The phrase, “unprecedented times” has been used in the media with increasing frequency these days. It’s hard to find a better way to describe the state of business, day-to-day life and society in general. We find ourselves, indeed, in times that none of us have ever lived through before, adjusting to a new reality in which “self-quarantine” and “physical distancing” have become the norm.
While the government has pressed the pause button on many of the activities that we have all come to know as our daily routine, the legal implications of governmental orders and edicts to stay at home can be a source of mystery to individuals and businesses. One of the big questions arising out of the COVID-19 pandemic is whether the current circumstances operate to excuse parties from performing contracts that they have entered into. Force majeure clauses may provide some guidance.
Force majeure is a phrase that is used to describe events that are disruptive and unexpected and which may operate to excuse contractual performance. Force majeure clauses allow a party to a contract to be excused from performing that contract where extreme circumstances exist that are out of either party’s control which make performing the contract impossible. Since the right to rely on force majeure arises from the contract, the party seeking to rely on force majeure has the onus of proving that the circumstances fit within the specific language of the force majeure clause.
Circumstances that are typically found in force majeure clauses include war, acts of terrorism and natural disasters. Often, these events are referred to as “acts of God”, with the common theme being that such events are unexpected and out of either party’s control. As the Supreme Court of Canada held in Atlantic Paper Stock Ltd. v. St. Anne-Nackawic Pulp and Paper Company Limited,  1 S.C.R. 580, “[t]he common thread is that of the unexpected, something beyond reasonable human foresight and skill”.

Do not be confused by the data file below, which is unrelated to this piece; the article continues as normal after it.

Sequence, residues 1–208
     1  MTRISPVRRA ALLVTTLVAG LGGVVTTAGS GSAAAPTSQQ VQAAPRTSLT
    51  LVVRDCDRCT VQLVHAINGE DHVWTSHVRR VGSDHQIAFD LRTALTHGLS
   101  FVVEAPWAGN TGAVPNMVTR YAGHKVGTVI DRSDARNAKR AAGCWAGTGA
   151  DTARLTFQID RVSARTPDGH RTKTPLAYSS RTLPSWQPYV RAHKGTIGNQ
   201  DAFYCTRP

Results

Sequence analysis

Determining whether a specific event or set of circumstances operates to trigger a force majeure clause requires a review and interpretation of the clause at issue. If the clause is drafted narrowly such that force majeure is only triggered if the specific events listed in the clause exist, then no other circumstances will allow the parties to rely on that clause. On the other hand, where the clause is drafted more broadly, the exercise of interpreting the contract will require closer attention to be paid to the language of the agreement and a consideration of whether the unexpected event would qualify as a force majeure condition.
Since force majeure is a creature of contract, the Canadian courts will not allow the parties to rely on force majeure to excuse performance where such a clause does not exist in a contract or where the event is not among those contemplated in the clause, even in situations such as today’s where COVID-19 was unforeseen and beyond reasonable human foresight and skill. What happens if the circumstances make performance of a contract impossible?
Frustration of contract relieves parties from their obligations by bringing the contract to an end where a situation arises that the parties did not address in the contract and which makes performing the contract “radically different” from what the parties undertook to do. In other words, where the event affects the very purpose of the agreement and prevents the parties from performing the contract as intended, the contract is frustrated.